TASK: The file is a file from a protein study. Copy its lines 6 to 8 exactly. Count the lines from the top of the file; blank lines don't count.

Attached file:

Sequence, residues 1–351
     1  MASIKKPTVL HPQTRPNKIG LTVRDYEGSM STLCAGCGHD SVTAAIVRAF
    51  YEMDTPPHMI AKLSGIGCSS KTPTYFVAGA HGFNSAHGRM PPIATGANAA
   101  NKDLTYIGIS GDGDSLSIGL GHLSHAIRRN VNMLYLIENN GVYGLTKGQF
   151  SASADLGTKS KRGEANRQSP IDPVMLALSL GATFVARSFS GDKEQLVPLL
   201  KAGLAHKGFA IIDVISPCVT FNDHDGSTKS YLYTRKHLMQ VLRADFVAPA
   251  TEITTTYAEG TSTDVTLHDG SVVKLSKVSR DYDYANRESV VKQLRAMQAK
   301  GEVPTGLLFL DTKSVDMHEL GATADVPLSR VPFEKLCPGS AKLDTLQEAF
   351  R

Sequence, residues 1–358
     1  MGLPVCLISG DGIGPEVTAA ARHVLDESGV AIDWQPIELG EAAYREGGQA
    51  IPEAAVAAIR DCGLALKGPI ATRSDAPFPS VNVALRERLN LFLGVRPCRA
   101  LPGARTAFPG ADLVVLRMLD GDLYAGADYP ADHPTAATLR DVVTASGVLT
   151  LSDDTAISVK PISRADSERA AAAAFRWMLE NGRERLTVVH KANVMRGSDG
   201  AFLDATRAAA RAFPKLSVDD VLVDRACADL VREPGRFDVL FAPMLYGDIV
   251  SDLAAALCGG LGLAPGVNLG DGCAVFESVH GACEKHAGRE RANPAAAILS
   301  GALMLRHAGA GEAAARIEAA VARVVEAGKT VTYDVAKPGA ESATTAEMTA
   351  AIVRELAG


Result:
   201  KAGLAHKGFA IIDVISPCVT FNDHDGSTKS YLYTRKHLMQ VLRADFVAPA
   251  TEITTTYAEG TSTDVTLHDG SVVKLSKVSR DYDYANRESV VKQLRAMQAK
   301  GEVPTGLLFL DTKSVDMHEL GATADVPLSR VPFEKLCPGS AKLDTLQEAF